SUBMISSION ON THE PROPOSED SCHOOL HISTORY CURRICULUM
The proposed History curriculum is so bad that it is hard to know where to
start. Indeed, in the limited time I have to write a submission, I will confine
myself to a few important observations.
My own credentials to comment on the curriculum relate mainly to having
studied History for three years at the University of Canterbury, getting an A
grade in each year. I subsequently did a Masters degree and a PhD, but in
Economics. I have read widely in New Zealand history.
I make just seven observations:
First, given that in many subjects taught at Primary level there is only very
imprecise specification of the content of what is to be taught, it is bizarre that
in this subject, it is proposed to specify quite precisely what should be taught.
It is particularly odd given that, if the focus is to be heavily oriented to the
history of Maori in New Zealand, so much of that history must rely on
sometimes unreliable oral accounts.
Second, the big three themes of what is to be taught are, at best, an extremely
incomplete view of our history. There is no reference to, for example, the
significance of gold discoveries, or of the invention of refrigeration, or of New
Zealand’s becoming the first country in the world to grant women the vote, or
of the appalling way in which early Chinese settlers were treated, or of the
early development of an old-age pension, etc.
Third, even though many more New Zealanders died in the Musket Wars in the
early part of the nineteenth century as Maori fought Maori than in all
subsequent wars combined – the so-called Land Wars, the Boer War, the First
World War, the Second World War, the Korean War and Vietnam – I saw no
reference to them. And yet recognition of that appalling inter-tribal warfare
is crucial to understanding why most Maori chiefs signed the Treaty of
Waitangi in 1840.
Fourth, nor did I see any reference to the widespread practice of both slavery
and cannibalism prior to 1840, with one of the great benefits of colonization
being the virtually immediate cessation of both practices.
Fifth, it is asserted that Maori chiefs did not cede sovereignty in signing the
Treaty but rather entered into some kind of “partnership” with the Crown.
This latter-day reinterpretation of the Treaty is simply stated as a fact, without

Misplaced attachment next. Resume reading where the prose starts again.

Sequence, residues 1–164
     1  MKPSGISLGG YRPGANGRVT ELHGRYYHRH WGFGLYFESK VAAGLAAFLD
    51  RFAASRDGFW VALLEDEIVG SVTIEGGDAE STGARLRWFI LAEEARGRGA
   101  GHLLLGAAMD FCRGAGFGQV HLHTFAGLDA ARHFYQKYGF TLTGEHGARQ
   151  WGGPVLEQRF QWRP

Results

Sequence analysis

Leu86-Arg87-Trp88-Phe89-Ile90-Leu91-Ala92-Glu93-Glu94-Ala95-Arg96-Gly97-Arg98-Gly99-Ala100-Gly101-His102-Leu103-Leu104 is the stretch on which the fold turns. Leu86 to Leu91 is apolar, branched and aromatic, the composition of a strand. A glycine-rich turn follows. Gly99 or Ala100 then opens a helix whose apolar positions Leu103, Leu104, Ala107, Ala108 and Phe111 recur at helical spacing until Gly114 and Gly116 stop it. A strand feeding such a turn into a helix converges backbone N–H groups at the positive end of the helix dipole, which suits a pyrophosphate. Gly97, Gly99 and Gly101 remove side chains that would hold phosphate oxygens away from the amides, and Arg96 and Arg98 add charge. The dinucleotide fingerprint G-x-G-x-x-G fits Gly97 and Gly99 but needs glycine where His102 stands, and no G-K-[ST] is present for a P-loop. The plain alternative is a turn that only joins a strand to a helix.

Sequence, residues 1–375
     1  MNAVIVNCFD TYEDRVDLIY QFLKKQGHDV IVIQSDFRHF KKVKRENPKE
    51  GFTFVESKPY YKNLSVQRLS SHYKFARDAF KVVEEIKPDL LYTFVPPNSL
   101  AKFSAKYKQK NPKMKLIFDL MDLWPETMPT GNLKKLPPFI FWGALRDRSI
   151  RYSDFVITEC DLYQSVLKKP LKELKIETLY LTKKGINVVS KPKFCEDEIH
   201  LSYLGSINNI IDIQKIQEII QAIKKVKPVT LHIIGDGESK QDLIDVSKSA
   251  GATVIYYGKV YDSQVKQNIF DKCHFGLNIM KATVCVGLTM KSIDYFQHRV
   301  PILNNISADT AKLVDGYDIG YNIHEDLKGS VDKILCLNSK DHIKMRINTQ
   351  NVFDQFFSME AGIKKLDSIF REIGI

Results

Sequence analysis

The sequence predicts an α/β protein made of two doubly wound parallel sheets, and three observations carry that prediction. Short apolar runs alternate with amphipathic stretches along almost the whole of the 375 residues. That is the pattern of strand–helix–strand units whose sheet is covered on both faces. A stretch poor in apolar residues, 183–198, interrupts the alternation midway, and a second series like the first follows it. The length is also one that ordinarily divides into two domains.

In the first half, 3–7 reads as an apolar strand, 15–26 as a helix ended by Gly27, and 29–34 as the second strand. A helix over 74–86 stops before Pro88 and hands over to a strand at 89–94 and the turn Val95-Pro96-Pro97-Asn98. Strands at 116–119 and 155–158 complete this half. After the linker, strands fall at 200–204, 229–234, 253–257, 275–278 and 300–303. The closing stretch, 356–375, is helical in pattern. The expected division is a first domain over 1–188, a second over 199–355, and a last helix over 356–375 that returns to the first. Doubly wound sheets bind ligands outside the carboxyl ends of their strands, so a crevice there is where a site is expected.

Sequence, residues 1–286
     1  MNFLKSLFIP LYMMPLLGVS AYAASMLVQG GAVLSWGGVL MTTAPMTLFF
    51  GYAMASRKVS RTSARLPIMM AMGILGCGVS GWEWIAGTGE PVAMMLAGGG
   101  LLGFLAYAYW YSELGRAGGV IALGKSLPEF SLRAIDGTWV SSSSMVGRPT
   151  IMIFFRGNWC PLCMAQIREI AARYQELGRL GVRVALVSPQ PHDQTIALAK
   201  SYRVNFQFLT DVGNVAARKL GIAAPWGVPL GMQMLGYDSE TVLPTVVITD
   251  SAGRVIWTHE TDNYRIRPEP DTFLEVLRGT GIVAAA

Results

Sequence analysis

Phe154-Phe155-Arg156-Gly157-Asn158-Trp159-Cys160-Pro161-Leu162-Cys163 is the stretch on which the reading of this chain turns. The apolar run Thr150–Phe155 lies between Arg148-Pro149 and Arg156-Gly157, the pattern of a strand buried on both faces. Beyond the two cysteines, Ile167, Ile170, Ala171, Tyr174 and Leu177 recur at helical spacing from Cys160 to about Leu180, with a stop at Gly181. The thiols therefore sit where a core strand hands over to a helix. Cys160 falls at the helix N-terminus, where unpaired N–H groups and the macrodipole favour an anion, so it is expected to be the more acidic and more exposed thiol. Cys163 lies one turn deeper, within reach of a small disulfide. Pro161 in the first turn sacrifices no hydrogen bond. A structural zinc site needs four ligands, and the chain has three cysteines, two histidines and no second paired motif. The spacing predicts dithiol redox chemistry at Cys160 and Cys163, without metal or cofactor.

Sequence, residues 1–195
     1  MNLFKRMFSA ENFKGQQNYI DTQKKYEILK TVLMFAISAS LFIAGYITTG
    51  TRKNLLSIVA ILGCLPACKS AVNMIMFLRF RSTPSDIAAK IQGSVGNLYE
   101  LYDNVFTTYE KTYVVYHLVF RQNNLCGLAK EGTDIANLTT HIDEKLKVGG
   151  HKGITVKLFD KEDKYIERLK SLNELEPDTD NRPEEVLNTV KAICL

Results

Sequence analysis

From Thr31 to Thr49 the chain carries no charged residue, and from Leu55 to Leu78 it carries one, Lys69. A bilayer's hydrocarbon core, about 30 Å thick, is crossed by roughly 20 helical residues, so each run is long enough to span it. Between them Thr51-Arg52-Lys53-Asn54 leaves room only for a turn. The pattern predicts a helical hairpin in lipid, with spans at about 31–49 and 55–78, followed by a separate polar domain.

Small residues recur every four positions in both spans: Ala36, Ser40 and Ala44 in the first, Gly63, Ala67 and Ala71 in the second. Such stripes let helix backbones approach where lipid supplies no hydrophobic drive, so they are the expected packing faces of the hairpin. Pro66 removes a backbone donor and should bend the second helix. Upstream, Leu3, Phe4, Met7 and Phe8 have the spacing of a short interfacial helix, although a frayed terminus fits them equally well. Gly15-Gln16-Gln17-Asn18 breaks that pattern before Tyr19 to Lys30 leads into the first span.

any acknowledgment that the assertion is hotly contested, is flatly
contradicted by many of the speeches recorded by Colenso in writing at the
time (on 5 February 1840), flatly contradicted also by speeches made by
numerous chiefs at Kohimarama in 1860, and is regarded as absurd by political
leaders as different as David Lange and Winston Peters. This is such a
fundamental matter that to simply assert that a partnership was created
between the Crown and Maori chiefs totally discredits any claim to objectivity
which the proposed curriculum might have had. (A similar observation should
be made about the Declaration of Independence of 1835, which was signed –
by a tiny number of primarily Ngapuhi chiefs – at the initiative of James Busby.
It is portrayed in the proposed curriculum as a major document: in fact, it was
totally disregarded by almost everybody within weeks of its being signed.)
Sixth, there are a number of assertions made as if they were uncontested and
verifiable fact when at best they are based on supposition and centuries-old
oral tradition. For example, it is asserted as fact that “Maori migration to New
Zealand was deliberate and skillful”. That may be the case, but in the 21 st
century we have no way of knowing that and to many observers, it seems an
Finally, the proposed curriculum continues the irritating practice of referring to
our country as Aotearoa New Zealand, a name which, while currently
fashionable in the public sector, is clearly not the official name of our country
and was never used by anybody, Maori or Pakeha, until late in the 19 th century.
The draft curriculum also continues another practice which has become
common in the public sector, namely sprinkling an English-language document
with words in te reo which are incomprehensible to the overwhelming
majority of New Zealanders. That certainly does nothing for the
comprehensibility of the document.
27 May 2021